Deutsche Bank Bans Text Messages, WhatsApp on Company Phonesby and
To be switched off this quarter, bank tells staff in memo
Bank is cleaning up reputation after series of missteps
Deutsche Bank AG has banned text messages and communication apps such as WhatsApp on company-issued phones in an effort to improve compliance standards.
The functionality will be switched off this quarter, chief regulatory officer Sylvie Matherat and chief operating officer Kim Hammonds told staff in a memo on Friday. Unlike e-mails, text messages can’t be archived by the bank, said a person with knowledge of the matter who asked not to be identified discussing internal matters.
“We fully understand that the deactivation will change your day-to-day work and we regret any inconvenience this may cause,” Matherat and Hammonds said in the memo obtained by Bloomberg. “However, this step is necessary to ensure Deutsche Bank continues to comply with regulatory and legal requirements.”
The policy also applies to private phones used by employees for work purposes. Communication apps such as WhatsApp, Google Talk, iMessage are also prohibited, the memo said.
Deutsche Bank is working to improve compliance and clean up a reputation dented by a series of probes into its role in the sale of toxic debt, manipulation of interest-rate benchmarks and failure to prevent possible money laundering in Russia. Chief Executive Officer John Cryan, who has made changing the culture at the bank a key pillar of his revamp, last month reached a $7.2 billion agreement in principle with the Department of Justice to settle an investigation into the bank’s sales of mortgage securities before the financial crisis.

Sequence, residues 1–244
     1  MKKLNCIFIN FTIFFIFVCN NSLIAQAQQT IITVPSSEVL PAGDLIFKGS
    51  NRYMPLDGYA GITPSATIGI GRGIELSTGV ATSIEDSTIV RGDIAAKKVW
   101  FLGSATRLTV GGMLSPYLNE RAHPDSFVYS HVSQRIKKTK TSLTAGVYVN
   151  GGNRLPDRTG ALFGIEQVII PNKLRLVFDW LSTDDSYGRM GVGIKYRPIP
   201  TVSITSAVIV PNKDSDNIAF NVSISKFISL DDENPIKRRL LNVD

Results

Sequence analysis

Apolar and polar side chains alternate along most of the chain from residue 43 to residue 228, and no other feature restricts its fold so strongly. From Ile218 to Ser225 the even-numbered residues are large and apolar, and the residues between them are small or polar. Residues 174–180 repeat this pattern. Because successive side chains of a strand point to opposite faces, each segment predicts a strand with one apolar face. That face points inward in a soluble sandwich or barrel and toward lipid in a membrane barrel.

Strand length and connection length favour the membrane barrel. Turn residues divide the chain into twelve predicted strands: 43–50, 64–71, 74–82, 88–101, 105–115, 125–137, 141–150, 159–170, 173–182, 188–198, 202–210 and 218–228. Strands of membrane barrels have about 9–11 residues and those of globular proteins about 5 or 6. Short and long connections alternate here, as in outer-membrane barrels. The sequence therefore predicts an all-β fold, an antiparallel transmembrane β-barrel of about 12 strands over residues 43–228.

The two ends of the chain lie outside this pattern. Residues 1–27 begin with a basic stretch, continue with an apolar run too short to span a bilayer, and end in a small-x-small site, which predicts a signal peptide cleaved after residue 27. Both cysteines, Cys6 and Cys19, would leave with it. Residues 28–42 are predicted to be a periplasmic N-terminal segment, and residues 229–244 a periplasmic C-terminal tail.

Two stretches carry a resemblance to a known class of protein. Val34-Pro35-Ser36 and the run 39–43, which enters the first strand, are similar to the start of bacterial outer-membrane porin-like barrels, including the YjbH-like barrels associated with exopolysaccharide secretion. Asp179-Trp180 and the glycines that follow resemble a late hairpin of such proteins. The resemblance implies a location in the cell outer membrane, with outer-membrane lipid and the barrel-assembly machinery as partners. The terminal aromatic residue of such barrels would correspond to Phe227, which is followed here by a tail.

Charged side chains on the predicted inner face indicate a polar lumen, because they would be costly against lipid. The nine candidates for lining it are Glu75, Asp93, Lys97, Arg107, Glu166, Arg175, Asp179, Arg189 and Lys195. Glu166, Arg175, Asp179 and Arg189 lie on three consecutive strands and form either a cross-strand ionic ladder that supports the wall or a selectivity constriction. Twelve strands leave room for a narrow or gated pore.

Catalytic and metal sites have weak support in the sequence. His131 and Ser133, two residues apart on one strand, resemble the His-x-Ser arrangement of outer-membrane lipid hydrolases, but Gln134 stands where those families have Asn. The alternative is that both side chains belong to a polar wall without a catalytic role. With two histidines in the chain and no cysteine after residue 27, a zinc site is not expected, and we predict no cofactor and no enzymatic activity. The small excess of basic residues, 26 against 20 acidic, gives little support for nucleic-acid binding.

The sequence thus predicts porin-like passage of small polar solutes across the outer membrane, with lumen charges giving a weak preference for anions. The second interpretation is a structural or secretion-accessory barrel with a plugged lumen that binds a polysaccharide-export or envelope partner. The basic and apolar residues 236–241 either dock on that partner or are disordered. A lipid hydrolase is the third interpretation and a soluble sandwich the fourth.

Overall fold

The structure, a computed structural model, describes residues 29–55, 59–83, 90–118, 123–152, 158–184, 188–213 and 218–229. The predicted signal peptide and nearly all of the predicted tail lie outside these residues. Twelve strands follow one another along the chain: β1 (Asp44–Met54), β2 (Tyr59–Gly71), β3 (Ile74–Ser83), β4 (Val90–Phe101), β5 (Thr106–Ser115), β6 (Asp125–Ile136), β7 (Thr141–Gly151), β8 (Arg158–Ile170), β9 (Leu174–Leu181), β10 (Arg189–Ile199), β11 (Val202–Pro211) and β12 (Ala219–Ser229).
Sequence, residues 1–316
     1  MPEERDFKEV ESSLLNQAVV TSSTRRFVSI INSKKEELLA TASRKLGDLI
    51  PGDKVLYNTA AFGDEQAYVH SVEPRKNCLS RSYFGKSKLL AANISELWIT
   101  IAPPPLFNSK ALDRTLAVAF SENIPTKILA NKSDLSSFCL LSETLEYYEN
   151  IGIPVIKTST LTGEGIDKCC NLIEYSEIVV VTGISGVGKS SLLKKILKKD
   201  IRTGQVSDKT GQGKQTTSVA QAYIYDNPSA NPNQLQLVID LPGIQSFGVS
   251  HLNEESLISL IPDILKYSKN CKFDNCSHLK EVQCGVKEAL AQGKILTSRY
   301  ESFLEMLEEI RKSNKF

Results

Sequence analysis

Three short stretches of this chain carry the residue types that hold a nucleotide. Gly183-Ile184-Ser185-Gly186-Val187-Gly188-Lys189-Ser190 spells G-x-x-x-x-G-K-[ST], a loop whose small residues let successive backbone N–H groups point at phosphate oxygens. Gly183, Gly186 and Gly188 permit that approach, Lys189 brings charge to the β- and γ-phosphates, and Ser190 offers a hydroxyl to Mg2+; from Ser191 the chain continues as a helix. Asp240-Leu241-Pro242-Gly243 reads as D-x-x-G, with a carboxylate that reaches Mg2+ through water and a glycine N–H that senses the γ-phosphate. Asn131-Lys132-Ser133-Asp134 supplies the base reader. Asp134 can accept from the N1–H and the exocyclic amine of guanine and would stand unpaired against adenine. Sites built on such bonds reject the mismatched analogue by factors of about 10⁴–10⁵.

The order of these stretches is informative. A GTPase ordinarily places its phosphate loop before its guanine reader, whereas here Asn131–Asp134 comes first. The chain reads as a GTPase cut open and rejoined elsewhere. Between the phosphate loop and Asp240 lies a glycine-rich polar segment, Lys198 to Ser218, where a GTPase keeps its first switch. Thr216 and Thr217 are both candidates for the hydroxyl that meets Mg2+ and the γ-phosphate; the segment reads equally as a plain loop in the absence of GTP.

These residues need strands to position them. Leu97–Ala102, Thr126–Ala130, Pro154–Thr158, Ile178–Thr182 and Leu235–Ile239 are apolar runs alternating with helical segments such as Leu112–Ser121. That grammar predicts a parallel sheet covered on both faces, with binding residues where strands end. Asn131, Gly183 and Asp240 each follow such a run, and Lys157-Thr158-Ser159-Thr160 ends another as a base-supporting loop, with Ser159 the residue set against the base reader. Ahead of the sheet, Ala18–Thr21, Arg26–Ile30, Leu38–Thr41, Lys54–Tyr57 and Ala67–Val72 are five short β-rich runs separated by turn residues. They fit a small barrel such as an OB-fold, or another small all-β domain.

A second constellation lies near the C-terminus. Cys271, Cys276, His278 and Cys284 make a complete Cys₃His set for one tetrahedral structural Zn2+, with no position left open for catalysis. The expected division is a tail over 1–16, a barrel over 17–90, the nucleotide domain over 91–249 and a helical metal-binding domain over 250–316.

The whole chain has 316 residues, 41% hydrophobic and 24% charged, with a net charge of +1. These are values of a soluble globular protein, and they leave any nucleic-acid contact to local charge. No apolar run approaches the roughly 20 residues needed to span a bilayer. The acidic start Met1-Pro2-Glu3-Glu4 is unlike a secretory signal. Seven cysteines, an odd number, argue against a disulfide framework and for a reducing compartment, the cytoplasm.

Deutsche Bank has been slapped with more than $13.9 billion in fines and legal settlements since the start of 2008, according to data compiled by Bloomberg. That includes a $3.1 billion penalty it agreed to pay in the preliminary settlement with the DOJ. It doesn’t include $4.1 billion in relief to borrowers that the bank agreed to provide over at least five years.
In July 2012, the bank accidentally destroyed 482 tapes of telephone calls that were among recordings the U.K. Financial Conduct Authority had ordered the company to preserve, according to the regulator. The bank’s foot-dragging and evasions increased the fine it paid to the FCA by 101 million pounds ($122 million) to a total of 227 million pounds, the FCA said in April 2015.
The U.K.’s Financial Services Authority adopted rules in 2010 that force banks to record and store traders’ mobile-phone calls for six months. One investment bank told the FSA that it would cost 500,000 pounds to monitor the calls of 50 users.
Deutsche Bank spokesman Tim-Oliver Ambrosius confirmed the decision and declined to comment further.